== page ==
We’ve been writing a lot about refactoring CSS lately, from how to take a slow and methodical approach to getting some quick wins. As a result, I’ve been reading a ton about this topic and somehow stumbled upon this post by Harry Roberts about refactoring and how to mitigate the potential risks that come with it:
Refactoring can be scary. On a sufficiently large or legacy application, there can be so much fundamentally wrong with the codebase that many refactoring tasks will run very deep throughout the whole project. This puts a lot of pressure on developers, especially considering that this is their chance to “get it right this time”. This can feel debilitating: “Where do I start?” “How long is this going to take?” “How will I know if I’m doing the right thing?”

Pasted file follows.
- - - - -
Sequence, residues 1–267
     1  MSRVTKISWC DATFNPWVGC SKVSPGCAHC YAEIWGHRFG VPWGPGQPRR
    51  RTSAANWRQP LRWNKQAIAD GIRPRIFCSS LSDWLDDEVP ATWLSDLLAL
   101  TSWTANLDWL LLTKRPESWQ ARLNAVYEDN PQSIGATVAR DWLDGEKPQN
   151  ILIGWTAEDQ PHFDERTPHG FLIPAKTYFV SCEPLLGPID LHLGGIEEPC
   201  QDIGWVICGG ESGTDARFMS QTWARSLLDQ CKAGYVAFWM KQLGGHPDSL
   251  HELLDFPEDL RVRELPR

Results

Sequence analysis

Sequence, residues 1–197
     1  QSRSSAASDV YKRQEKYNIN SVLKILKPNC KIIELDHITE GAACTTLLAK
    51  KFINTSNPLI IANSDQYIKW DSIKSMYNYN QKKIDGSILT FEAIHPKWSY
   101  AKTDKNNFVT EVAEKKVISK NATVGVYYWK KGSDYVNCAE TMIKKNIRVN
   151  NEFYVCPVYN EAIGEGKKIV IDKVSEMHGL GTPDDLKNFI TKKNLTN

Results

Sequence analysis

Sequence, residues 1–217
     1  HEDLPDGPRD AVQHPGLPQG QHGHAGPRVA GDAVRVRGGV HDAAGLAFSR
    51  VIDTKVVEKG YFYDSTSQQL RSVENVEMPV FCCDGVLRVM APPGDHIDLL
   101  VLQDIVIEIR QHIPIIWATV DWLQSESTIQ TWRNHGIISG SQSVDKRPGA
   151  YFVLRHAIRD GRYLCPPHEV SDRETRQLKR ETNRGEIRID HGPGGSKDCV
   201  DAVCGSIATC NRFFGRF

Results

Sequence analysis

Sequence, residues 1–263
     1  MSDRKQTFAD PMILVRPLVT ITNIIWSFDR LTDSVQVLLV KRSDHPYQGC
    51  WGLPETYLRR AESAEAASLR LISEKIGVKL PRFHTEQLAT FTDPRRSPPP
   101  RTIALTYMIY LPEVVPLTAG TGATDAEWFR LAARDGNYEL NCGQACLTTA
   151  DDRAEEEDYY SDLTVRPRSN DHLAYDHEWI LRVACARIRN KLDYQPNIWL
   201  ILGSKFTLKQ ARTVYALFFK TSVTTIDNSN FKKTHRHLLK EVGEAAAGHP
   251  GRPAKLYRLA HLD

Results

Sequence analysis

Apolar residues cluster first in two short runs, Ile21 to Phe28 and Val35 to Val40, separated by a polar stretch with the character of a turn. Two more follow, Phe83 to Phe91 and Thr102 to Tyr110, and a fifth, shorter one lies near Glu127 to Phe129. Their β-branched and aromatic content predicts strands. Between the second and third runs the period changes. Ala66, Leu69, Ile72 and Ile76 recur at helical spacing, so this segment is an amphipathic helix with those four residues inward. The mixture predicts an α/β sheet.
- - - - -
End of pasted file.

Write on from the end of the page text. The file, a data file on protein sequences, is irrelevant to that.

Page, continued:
Harry then comes up with this metaphor of a refactoring tunnel where it’s really easy to find yourself stuck in the middle of a refactor and without any way out of it. He argues that we should focus on small, manageable pieces instead of trying to tackle everything at once:
Resist the temptation to refactor anything that runs right the way throughout the project. Instead, identify smaller and more manageable tasks: tasks that have a much smaller surface area, and therefore a much shorter Refactoring Tunnel.
These tasks can still aim toward a larger and more total goal but can be realised in much safer and shorter timeframes. Want to move all of your classes from BEM to BEM(IT)? Sure, but maybe just implement it on the nav first.
This way feels considerably slower, for sure, but there’s so much less risk involved.